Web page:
PORTLAND, Ore. (KOIN) – We are just one day away from the water year, which runs from Oct. 1 to Sept. 30, wrapping up. With no rain in the forecast this week, we are sort of set in stone with our numbers.
That growing ridge of high pressure is going to keep Tuesday warm, sunny, and a bit breezy, meaning there will most definitely not be any rain. Where is the closest moisture? It’s going to be well to the west or east for the remainder of the week, with breezy and wet conditions around the Gulf of Alaska and that system to the south of the Aleutian Islands by Wednesday.
Now there are a lot of numbers with this weather blog, so for those of you who like stats, this is a weather blog for you!
With that, why don’t we take a look at how the water year shaped out. We are going to finish at 27.98 inches here in Portland. The water year normal, according to the National Weather Service in Portland, is 36.03 inches. That will put us at a departure of -8.05 inches for the water year.
It isn’t hard to believe when you see the chart below. Only three months of the water year did we come up above average. We weren’t exactly even close to the average for most months, with the exception of May. Most months fell short by a landslide.
Where it was the most alarming, was in November, when we barely topped 1.5 inches. November is our wettest month on average, we should be up in the 5.5 inches range for the month. We then followed up with a below-average December. January tried to make up for the deficit but we were already pretty far behind. Late winter and spring remained dry. If it wasn’t for a few thunderstorms and a couple of rain events in June, we would have really been hurting by the summer.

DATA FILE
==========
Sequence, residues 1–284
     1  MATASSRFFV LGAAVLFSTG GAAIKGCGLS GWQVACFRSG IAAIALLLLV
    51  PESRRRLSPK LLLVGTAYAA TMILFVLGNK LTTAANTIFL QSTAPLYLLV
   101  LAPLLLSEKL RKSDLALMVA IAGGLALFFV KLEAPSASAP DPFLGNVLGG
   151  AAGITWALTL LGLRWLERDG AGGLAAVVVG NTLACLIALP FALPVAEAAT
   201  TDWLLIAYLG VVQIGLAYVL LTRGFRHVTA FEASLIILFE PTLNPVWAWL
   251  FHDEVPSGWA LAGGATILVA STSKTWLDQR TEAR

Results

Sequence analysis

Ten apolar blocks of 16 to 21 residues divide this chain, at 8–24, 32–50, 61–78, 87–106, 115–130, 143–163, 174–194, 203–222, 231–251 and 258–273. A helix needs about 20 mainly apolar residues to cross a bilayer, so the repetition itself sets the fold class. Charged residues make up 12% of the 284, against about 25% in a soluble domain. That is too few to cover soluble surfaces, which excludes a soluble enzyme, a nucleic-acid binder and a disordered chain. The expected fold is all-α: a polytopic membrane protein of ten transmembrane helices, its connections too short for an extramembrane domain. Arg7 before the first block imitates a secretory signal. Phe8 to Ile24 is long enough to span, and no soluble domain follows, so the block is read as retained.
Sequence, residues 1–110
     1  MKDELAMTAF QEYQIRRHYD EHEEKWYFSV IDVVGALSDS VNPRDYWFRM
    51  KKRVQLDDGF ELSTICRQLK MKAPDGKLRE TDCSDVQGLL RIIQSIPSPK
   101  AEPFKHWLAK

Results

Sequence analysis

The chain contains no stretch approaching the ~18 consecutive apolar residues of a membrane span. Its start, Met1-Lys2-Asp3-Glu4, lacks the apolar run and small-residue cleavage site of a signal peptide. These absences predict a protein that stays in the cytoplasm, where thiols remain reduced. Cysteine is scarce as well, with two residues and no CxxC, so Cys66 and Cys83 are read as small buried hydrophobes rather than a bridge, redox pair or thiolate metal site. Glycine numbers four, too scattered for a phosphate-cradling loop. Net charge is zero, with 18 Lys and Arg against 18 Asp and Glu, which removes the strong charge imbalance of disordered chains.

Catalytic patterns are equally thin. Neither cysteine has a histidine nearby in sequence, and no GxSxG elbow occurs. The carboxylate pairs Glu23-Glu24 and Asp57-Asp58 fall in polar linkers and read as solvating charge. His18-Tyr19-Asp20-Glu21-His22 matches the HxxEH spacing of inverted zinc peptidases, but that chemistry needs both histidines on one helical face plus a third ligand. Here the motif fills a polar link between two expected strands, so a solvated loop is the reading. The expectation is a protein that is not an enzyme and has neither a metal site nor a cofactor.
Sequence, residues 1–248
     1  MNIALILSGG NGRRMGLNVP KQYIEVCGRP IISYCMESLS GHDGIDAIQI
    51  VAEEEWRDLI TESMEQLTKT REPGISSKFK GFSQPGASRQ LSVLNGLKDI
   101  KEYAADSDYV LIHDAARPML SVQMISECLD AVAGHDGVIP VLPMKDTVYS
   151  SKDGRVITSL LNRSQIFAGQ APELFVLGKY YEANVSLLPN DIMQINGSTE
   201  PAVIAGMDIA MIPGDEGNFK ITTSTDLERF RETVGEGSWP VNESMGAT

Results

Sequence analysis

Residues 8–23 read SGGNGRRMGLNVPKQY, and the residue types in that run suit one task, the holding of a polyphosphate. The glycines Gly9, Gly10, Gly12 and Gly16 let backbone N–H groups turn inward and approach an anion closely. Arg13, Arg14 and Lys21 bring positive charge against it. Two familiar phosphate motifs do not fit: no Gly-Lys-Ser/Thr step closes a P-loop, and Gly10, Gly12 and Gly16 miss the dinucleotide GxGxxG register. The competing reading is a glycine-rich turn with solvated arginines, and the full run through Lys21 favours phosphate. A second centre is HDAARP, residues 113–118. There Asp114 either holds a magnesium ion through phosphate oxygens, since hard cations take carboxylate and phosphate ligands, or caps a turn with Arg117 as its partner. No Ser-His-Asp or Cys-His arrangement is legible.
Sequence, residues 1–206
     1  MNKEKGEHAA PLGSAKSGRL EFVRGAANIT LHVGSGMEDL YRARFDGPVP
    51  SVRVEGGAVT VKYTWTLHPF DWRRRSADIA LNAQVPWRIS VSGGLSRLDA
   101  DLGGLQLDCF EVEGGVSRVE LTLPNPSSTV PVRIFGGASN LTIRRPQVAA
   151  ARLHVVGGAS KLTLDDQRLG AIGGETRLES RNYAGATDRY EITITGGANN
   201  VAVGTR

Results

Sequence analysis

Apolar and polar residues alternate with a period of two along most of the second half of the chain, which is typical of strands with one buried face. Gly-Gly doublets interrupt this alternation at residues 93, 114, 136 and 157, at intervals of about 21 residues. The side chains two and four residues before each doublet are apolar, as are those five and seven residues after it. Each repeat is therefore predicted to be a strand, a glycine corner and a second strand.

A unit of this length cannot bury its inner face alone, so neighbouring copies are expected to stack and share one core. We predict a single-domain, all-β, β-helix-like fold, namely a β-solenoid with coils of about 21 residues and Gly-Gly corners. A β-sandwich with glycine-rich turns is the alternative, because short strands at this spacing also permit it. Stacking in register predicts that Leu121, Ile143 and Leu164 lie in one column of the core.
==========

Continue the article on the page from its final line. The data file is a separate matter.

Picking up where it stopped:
This was the driest water year since 2008-2009, where the total came out to 28.00 inches flat. With only 27.98 inches this water year, we have gone three years in a row below our water year normal. That was following two wet water years in 2015-2016 and 2016-2017. The driest on record comes in at 22.99 inches in 2000-2001 and the wettest, you can guess it, is 58.67 inches back during the water year of 1996-1997. I would like to note that the average for 2010-2019 came out to 38.81 inches.
Below are a few graphics from the Northwest River Forecast Center with NOAA. You can see the “Seasonal Precipitation” on the left, which is the water year up to Sept. 27, 2020. The graphic on the right is our current September month as far as the monthly precipitation percent of normal. Many locations west of the Cascades are sitting around 70-90%, with a handful below in the orange and red. There are some areas that hit around normal or above. That should be stated too. As far as our current month goes? September is going to finish above because of those back to back atmospheric rivers. They sure didn’t leave much moisture for the rest of the state.
Until the next water year!
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